Middle Eastern Oil: Where It All Comes From
Most Americans tend to use a lot of oil in their daily lives. The most obvious use, of course, is in our automobiles, for which oil provides the basis for both fuel and lubricant. For this reason, we here at Third Coast Auto Group spend a lot of time thinking about oil.
The main sources of oil in our modern world are located in the region commonly referred to as the “Middle East” (although this nomenclature may admittedly be problematic). Why does the Middle East have so much oil?
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The most widely accepted theory for why the Middle East is loaded with oil is that the region was not always a vast desert. Scientists say that 100 million years ago this area was instead a massive body of water known as the “Tethys Ocean.” Rivers that fed into this ocean were loaded with nutrients, which lead to conditions that were conducive for a diverse variety of microscopic life to materialize in the water.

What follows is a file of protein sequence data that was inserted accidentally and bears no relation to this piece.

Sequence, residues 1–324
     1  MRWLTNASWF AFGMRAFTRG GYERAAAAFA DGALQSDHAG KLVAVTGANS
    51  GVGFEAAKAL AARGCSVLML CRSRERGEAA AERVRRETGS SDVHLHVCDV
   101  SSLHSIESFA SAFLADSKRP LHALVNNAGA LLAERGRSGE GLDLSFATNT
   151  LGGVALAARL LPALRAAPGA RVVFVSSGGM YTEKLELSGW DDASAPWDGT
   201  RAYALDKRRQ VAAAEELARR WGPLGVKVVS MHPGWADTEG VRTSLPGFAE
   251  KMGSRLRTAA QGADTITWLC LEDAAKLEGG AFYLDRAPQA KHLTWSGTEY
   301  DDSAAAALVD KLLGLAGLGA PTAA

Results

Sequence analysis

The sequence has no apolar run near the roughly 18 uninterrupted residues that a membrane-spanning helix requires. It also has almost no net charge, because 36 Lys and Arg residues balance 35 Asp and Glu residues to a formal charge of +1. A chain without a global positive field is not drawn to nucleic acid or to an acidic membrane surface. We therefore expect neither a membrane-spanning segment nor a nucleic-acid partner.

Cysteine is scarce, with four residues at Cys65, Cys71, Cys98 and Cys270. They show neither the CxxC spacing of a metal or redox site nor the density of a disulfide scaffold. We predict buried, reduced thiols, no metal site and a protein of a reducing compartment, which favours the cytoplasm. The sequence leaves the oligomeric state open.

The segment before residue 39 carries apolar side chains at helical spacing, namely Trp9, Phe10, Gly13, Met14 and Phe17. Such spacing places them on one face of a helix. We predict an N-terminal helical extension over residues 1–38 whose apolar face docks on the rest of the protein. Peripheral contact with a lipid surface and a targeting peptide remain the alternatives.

As life is never one to pass up an opportunity, these conditions resulted in billions and billions of miniscule marine creatures swimming about. Algae, bacteria, and whatever else nature came up with eventually accumulated on the ocean floor in thick layers that grew to be miles deep. As more layers formed on top of these over time, the lower parts were compressed. Those compressed aquatic corpses transformed into oil. The oil was captured in place on the seabed by thick layers of salt.
As the land in the modern Middle East region rose due to tectonic activity, the Tethys Ocean receded. What remained in its place was the sandy, dry Middle Eastern desert. But deep under the sand, the oily remains of billions of microscopic lifeforms still lie buried. Today, we suck these remains to the surface and use them to power our automobiles, in addition to many other gizmos of modern life.